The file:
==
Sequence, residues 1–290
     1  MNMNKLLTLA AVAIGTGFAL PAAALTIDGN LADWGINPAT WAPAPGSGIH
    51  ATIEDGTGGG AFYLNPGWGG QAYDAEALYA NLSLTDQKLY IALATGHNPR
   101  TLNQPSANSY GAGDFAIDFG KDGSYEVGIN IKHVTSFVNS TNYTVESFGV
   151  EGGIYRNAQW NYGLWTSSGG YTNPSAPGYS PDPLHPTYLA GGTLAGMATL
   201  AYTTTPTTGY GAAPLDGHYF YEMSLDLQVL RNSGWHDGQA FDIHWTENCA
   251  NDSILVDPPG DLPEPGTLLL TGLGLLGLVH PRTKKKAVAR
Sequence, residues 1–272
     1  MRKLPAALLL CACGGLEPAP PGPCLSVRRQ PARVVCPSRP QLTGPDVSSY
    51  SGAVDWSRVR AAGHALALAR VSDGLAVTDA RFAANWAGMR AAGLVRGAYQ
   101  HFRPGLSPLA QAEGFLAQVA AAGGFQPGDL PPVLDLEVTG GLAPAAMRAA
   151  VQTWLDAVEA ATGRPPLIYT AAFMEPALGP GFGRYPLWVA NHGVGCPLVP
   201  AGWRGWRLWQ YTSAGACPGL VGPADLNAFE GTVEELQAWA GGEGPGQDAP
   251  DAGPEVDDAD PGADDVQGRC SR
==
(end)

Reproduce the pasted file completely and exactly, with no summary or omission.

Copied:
Sequence, residues 1–290
     1  MNMNKLLTLA AVAIGTGFAL PAAALTIDGN LADWGINPAT WAPAPGSGIH
    51  ATIEDGTGGG AFYLNPGWGG QAYDAEALYA NLSLTDQKLY IALATGHNPR
   101  TLNQPSANSY GAGDFAIDFG KDGSYEVGIN IKHVTSFVNS TNYTVESFGV
   151  EGGIYRNAQW NYGLWTSSGG YTNPSAPGYS PDPLHPTYLA GGTLAGMATL
   201  AYTTTPTTGY GAAPLDGHYF YEMSLDLQVL RNSGWHDGQA FDIHWTENCA
   251  NDSILVDPPG DLPEPGTLLL TGLGLLGLVH PRTKKKAVAR
Sequence, residues 1–272
     1  MRKLPAALLL CACGGLEPAP PGPCLSVRRQ PARVVCPSRP QLTGPDVSSY
    51  SGAVDWSRVR AAGHALALAR VSDGLAVTDA RFAANWAGMR AAGLVRGAYQ
   101  HFRPGLSPLA QAEGFLAQVA AAGGFQPGDL PPVLDLEVTG GLAPAAMRAA
   151  VQTWLDAVEA ATGRPPLIYT AAFMEPALGP GFGRYPLWVA NHGVGCPLVP
   201  AGWRGWRLWQ YTSAGACPGL VGPADLNAFE GTVEELQAWA GGEGPGQDAP
   251  DAGPEVDDAD PGADDVQGRC SR